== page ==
Quick Reviews of Two Books by Brueggemann

Sabbath_as_ResistanceTitle: Sabbath as Resistance

Author: Walter Brueggemann

Bibliographic info: 109 pp.

Publisher: Westminster John Knox, 2013.

Buy the book at Amazon

With thanks to WJK Press for the review copy.

This is a very small book containing a preface and six studies on the Sabbath. What is the Sabbath according to the purpose of this book? These two snippets should suffice:

Sabbath is the practical ground for breaking the power of acquisitiveness and for creating a public will for an accent on restraint. Sabbath is the cessation of widely shared practices of acquisitiveness.

Sabbath is a school for our desires, an expose and critique of the false desires that focus on idolatry and greed that have immense power for us. When we do not pause for Sabbath, these false desires take power over us. But Sabbath is the chance for self-embrace of our true identity.

An example of how Brueggemann explores the Sabbath is the chapter in which he draws upon Exodus, Deuteronomy, Isaiah, and Amos to convey how the Sabbath is a resistance to the modern vices of anxiety, coercion, exclusivism, and multitasking. While I agree with some much of what the author says, there did seem to be a focus in the book on free-market economics to such an extent that one might come away thinking that anything associated with this (e.g. labor, competition, etc) is an inherently negative thing. While I don’t necessarily disagree with the picture painted of the wealthy banksters and the captains of industry as being the ones most resembling the slave-driving Pharaoh, this needs to be balanced out by the fact that we as consumers are willingly enslaved to such giants.

Additionally, I find it odd that people turn to the bureaucracy of government as some sort of panacea to the ailment. Brueggemann says that the “gods of commoditization for the most part go unchallenged in our world. As a result, the exploitative systems go unchallenged an unnoticed.” Sure, while the titans of industry, business, and banks may commoditize us all, you’ve got to be kidding if you do not see similar problems in the biggest possessor of power: government. I think this book needs to be a more balanced view of the exploitative systems that plague society. One can rightly argue, in my opinion, that the sort of governmental solution of a more redistributionist government is just a different means of bowing to the idol of covetousness. It isn’t tackling the heart of the problem: the covetousness of our own hearts. Despite some qualms I had with this book, it was an interesting study on the Sabbath.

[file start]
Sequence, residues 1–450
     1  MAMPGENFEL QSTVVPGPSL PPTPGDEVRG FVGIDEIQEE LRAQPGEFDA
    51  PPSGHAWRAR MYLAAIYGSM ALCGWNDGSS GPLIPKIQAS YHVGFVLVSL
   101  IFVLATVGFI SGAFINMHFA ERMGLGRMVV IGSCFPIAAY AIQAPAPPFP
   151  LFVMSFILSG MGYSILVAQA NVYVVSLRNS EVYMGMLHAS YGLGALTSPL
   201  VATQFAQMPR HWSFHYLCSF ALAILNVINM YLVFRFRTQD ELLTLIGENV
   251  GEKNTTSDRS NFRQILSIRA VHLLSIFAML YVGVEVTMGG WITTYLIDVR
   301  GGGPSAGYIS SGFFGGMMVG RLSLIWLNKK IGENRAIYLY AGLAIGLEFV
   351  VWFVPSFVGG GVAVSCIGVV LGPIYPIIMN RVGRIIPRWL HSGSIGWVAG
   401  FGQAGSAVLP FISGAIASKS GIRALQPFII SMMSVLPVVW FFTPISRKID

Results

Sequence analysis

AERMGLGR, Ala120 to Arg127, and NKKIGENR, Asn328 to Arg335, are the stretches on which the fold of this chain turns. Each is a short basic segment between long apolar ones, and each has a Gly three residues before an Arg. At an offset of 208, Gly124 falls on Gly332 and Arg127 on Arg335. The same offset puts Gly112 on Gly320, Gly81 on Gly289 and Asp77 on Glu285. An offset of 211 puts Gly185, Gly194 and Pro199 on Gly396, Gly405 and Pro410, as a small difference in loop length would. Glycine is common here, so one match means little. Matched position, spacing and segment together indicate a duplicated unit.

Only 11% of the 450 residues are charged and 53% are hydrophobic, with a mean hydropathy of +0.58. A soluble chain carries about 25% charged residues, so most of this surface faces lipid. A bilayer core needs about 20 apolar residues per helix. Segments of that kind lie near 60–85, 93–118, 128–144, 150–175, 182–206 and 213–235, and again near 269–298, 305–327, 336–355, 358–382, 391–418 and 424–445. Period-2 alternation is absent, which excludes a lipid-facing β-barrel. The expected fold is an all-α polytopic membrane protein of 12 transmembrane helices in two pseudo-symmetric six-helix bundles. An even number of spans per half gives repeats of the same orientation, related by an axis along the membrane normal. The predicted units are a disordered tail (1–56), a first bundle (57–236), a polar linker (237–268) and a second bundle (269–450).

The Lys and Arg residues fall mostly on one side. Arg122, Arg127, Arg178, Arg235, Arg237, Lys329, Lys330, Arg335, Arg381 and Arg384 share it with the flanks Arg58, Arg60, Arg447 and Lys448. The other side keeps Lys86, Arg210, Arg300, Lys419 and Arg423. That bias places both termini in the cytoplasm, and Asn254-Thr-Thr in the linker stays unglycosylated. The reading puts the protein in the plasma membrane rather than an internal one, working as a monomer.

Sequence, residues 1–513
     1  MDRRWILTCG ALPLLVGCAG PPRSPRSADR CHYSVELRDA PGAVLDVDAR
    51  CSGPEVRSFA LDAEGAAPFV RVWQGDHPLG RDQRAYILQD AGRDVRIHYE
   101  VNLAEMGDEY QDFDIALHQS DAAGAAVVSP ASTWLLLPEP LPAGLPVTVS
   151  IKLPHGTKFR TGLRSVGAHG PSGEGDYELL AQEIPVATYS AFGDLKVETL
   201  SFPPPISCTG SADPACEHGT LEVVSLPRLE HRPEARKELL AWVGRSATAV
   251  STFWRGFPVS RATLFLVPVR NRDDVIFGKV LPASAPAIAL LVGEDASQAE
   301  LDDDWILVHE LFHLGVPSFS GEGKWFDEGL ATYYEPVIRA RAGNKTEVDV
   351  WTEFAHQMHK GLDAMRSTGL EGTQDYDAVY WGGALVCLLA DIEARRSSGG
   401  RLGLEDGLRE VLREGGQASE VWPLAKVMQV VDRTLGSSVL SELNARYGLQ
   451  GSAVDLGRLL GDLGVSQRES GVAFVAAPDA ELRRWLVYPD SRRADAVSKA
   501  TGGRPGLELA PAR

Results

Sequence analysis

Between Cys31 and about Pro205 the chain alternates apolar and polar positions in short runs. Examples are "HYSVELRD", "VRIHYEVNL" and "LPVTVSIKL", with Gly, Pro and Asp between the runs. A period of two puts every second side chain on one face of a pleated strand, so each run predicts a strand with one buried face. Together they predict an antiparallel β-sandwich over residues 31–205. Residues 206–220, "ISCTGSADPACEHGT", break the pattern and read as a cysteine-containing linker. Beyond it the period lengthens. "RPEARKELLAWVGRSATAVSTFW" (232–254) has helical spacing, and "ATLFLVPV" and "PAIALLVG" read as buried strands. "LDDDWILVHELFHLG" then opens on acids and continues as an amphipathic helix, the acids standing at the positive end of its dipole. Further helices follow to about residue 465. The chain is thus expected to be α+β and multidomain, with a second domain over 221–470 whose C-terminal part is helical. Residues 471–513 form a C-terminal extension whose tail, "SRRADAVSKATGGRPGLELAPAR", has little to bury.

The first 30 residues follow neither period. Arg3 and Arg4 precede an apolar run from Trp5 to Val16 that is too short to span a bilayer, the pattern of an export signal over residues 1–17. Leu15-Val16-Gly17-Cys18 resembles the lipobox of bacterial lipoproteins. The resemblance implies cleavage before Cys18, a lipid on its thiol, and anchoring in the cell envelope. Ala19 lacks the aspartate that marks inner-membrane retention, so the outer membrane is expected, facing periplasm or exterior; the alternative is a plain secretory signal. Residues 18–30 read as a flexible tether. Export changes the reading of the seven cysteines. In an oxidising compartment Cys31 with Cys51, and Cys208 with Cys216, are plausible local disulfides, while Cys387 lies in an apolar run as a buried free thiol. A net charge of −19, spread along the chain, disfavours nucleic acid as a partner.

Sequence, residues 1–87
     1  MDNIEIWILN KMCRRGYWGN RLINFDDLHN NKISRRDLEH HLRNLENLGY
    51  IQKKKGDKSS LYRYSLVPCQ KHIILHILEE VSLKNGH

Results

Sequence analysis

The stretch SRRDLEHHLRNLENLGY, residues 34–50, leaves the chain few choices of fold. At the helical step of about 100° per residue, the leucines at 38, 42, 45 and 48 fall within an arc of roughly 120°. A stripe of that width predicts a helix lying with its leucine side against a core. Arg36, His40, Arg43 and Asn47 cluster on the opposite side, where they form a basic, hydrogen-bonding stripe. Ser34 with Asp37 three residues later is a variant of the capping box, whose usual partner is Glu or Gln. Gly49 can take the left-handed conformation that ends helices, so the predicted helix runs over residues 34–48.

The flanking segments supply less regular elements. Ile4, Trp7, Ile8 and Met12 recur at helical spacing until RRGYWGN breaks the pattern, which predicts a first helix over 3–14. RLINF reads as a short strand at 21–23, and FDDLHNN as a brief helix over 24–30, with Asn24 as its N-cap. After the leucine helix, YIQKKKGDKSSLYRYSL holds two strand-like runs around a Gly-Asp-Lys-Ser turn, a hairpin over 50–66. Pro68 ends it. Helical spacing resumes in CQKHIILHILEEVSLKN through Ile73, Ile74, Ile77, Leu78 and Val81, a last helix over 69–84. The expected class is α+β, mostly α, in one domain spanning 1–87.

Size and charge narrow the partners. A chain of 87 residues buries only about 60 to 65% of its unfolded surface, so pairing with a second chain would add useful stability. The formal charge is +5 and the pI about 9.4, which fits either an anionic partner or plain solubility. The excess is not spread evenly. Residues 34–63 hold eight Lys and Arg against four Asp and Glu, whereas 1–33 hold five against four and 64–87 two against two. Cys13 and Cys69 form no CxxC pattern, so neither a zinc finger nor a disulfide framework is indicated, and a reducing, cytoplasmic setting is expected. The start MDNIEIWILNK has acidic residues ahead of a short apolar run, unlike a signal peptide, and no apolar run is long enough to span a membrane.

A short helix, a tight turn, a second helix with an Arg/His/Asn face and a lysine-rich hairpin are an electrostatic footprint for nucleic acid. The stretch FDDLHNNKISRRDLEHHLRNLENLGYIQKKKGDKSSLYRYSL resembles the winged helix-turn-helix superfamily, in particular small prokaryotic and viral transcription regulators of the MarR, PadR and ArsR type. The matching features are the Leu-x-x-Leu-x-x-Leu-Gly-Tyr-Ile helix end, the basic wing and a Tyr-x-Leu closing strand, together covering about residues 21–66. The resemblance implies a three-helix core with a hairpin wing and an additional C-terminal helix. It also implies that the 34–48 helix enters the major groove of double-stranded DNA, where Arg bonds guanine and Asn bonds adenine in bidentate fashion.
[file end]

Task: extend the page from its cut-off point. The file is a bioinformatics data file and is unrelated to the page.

truthspeakspowerTitle: Truth Speaks to Power: The Countercultural Nature of Scripture

Author: Walter Brueggemann

Bibliographic info: 178 pp.

Publisher: Westminster John Knox, 2013.

Buy the book at Amazon

With thanks to WJK Press for the review copy.

In this short work, Brueggemann aims to show the reader the subversive messages to be found within the Hebrew Bible/Old Testament by discussing various biblical narratives where the authority of power is undercut (often in unobvious ways). He begins with Jesus’ discussion with Pontius Pilate on the issues of authority and power, and then covers other figures such as Moses and Pharaoh, Solomon, Elisha, and Josiah. The underlying narrative that Brueggemann is intending to highlight is that the Church is to identity the moanings of the world and live out an alternative that leads people to freedom. Rather than limiting the Christian faith to one’s own private sphere, Brueggemann contends:

the church is, in my judgment, called to its public vocation to practice neighborliness in a way that includes both support of policies of distributive justice and practices of face-to-face restorative generosity.

In face of global inequalities, Brueggemann advocates a return to Scripture. In fact, he goes so far as to say this about Deuteronomy:

Indeed, it is not a stretch to say that Deuteronomy, in it context, became a charter for what we now call liberation theology, namely, the insistence that faith concerns the sustained enactment of public economic justice.

Brueggemann has been my favorite commentator/theologian to read when it comes to the Old Testament, and despite disagreements with aspects of both of these books, they are both good examples as to why I enjoy his writings.

Book Review: Understanding the “Imago Dei”

understandingimagodeiTitle: Understanding the “Imago Dei”: The Thought of Barth, von Balthasar, and Moltmann

Author: Dominic Robinson

Bibliographic info: 198 pp.

Publisher: Ashgate, 2011.

Buy the book at Amazon.

With thanks to Ashgate for the review copy.